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Transplant – Recipient

by Dr.P.N.Gupta

This information sheet summarises the information that the transplant surgeon gives you at the time of your renal transplant assessment. If there is anything that you do not understand do please ask him or one of your doctors.

Why do I need a kidney transplant?
  • Patients with chronic kidney failure (stage V – chronic kidney disease when kidney function is irreversibly decreased to less than 15 %) have three choices for treatment :
  • Hemodialysis
  • Continuous ambulatory peritoneal dialysis – CAPD
  • Kidney transplantation
  • Hemodialysis: Blood is passed through a dialysis machine and cleaned up in the same way as do the normal kidneys. It is done for 4 hrs three times a week.
  • CAPD peritoneal dialysis works by passing 2 liters of special fluid into the tummy. Some of the toxic chemicals in your blood pass into the fluid and, after 3-4 hours the fluid is drained out with toxins. The process is repeated 4 times in 24 hrs.
  • Kidney transplant: A kidney transplant is just another means of replacing a failed kidney. In addition to filtering the blood like dialysis, it has the advantage that it also provides its own erythropoeitin (epo) and controls phosphate.
  • Of the 3 modalities, kidney transplant provides the best outcome in terms of longevity, quality of life and the cost of treatment.
Is a transplant right for every body?
  • No, A transplant involves a major operation, and requires you to take drugs life long to stop your body rejecting it. For some people the operation and the side effects of the drugs are too dangerous, for example if you have bad heart disease or are very old or your expected life span is less than 5 years.
Where do kidneys come from?
  • The source of kidney is usually from a relative (e.g. a brother, sister or parent) or spouse (partner) who wants to donate a kidney and who has the right blood group and suitable kidney cell markers (the tissue type) as per the Indian law. However cadaver donors (donors who are brain dead) can be significant source of organs for donation as in the west.
Can I catch anything from my transplant?
  • All potential donors are carefully screened to make sure that you do not catch potentially infectious diseases such as hepatitis or AIDS.
Do I need to take any drugs after transplant?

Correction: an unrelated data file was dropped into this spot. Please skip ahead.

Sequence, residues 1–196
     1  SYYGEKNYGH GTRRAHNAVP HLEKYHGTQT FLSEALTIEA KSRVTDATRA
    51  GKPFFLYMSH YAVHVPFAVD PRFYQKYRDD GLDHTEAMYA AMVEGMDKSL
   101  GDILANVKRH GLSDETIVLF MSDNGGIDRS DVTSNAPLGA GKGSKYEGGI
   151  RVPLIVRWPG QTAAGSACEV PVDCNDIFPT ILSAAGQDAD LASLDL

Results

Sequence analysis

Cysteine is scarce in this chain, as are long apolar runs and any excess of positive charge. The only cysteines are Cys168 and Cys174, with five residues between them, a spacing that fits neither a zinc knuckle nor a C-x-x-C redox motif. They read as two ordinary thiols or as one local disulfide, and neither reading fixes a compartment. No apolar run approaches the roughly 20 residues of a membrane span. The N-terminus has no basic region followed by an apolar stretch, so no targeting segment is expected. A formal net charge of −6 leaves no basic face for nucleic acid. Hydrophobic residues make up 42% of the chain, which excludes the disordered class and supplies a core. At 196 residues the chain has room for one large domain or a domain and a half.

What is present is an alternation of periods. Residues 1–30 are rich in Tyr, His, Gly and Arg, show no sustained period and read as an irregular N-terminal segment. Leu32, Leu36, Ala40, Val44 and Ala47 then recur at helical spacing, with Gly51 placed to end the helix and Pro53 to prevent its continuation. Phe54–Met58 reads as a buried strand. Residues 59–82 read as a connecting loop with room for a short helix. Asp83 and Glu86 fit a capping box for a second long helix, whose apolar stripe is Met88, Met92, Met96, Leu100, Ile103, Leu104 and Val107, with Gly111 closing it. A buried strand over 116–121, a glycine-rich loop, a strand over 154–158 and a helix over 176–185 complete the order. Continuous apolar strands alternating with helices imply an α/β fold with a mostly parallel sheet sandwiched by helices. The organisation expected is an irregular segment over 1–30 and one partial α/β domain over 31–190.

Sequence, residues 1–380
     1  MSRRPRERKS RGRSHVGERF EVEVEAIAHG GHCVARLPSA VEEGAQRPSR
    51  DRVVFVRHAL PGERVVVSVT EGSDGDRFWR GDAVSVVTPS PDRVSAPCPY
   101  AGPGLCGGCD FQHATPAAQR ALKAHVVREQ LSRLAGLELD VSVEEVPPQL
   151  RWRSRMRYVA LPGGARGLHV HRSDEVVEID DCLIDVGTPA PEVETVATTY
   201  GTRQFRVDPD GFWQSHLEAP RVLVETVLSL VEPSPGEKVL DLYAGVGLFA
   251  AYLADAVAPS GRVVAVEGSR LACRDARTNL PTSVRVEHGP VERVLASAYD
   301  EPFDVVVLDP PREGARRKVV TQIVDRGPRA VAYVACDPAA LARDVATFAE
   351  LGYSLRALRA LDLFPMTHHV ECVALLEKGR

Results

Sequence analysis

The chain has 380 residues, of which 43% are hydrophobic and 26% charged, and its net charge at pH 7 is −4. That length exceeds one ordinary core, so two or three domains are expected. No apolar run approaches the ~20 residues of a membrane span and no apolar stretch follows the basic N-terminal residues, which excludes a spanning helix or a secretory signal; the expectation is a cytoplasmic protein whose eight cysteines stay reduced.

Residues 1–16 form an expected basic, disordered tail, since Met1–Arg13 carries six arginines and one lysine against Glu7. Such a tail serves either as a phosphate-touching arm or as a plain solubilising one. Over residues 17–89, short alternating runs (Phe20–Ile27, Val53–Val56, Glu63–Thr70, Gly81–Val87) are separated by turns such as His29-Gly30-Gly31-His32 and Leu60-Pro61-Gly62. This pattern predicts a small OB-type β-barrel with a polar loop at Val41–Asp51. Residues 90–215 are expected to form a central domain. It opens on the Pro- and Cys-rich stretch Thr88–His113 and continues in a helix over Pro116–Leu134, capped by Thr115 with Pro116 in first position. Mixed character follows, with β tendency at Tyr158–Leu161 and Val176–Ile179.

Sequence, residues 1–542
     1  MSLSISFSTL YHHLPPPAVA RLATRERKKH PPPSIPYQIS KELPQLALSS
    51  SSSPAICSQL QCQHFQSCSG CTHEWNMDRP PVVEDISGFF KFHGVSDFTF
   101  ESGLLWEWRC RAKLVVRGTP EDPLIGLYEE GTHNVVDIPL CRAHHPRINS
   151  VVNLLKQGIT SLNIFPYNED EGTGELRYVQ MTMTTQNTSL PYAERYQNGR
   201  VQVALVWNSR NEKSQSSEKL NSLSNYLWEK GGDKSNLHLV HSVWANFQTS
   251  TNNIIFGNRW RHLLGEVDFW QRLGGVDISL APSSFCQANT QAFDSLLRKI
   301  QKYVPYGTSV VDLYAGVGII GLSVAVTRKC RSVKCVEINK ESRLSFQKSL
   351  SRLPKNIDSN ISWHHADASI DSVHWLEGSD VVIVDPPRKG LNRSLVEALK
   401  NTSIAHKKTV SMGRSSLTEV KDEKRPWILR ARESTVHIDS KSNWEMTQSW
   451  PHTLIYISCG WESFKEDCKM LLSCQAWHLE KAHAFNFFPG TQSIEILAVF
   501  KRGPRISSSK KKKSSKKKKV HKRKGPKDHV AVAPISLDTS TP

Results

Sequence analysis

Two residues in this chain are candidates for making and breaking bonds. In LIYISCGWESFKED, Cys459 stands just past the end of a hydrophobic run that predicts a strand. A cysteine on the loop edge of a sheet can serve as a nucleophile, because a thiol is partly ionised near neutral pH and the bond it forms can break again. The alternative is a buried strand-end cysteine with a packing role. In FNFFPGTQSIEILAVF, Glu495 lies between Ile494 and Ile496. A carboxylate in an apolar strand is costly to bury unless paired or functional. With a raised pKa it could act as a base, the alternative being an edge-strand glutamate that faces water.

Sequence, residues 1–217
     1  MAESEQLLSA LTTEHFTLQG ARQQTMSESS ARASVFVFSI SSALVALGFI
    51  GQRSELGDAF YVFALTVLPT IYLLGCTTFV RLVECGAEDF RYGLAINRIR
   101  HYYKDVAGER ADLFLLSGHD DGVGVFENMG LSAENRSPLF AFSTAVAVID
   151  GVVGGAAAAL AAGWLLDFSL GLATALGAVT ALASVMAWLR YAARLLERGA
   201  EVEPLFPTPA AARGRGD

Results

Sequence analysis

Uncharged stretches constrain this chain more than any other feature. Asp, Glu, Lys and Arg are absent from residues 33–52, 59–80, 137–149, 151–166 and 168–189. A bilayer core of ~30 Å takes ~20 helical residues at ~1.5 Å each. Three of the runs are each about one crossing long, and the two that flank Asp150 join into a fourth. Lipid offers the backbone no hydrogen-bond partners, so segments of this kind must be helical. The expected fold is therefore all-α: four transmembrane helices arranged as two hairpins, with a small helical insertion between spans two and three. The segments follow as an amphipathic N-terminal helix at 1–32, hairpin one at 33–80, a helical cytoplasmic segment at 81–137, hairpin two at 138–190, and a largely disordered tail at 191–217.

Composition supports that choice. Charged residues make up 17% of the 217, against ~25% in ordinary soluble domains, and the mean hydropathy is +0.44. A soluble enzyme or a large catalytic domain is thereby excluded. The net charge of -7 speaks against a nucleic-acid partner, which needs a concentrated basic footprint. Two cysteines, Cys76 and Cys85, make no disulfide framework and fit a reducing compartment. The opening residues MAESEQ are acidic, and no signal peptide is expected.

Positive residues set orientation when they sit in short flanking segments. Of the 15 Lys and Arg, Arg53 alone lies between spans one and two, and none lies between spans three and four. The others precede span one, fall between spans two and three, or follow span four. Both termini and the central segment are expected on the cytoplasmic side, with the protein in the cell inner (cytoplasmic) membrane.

• Following your transplant you need to take drugs to stop your body rejecting the kidney. These drugs are called immunosuppressants. Because your body can reject the kidney at any time the drugs must be taken every day, although the doses can be reduced as you progress after the transplant. At the moment there are three main drugs, which we use.
  • Cyclosporin / Tacrolimusarethe most important drugs to stop rejection. It can itself cause some minor damage to the kidney, but this is out-weighed by the effect it has to stop your body destroying the kidney. It may also cause high blood pressure and increased facial hair growth. Lastly it can cause your gums to swell if your teeth aren’t in good condition so you should visit the dentist every 6 months.
  • Mycophenolate Mofetilhas fewer side effects but can cause diarrhoea and heartburn. In addition it can also cause reduction of blood cells from the bone marrow, therefore regular blood tests will be required with the use of this medicine.
  • Azathioprinehas few side-effects, apart from reducing the number of cells produced by the bone marrow, so you will have regular blood tests at the hospital.
  • Prednisolone(“steroids”) has some side effects as well. It can cause some swelling of the face and also increases your appetite so that patients will put on weight unless they try hard not to. Both cyclosporin / tacrolimus and prednisolone may produce diabetes in some patients and this may need tablets or injections to correct. This is however uncommon.
  • Although side effects may occur they are really a problem early on while the doses of the drugs are high, and are much less of a problem later on as the amount that you need to take is reduced.
  • Many new specific drug protocols & their pros and cons can be considered by your physician and discussed with you.
Where do you put the kidney?
  • The kidney will be placed in the upper part of groin and connected to the blood vessels that take blood to and from the leg. Your own kidneys will be left in place, although occasionally it is necessary to take out large kidneys in patients with polycystic disease, or take out kidneys, which are a source of infection.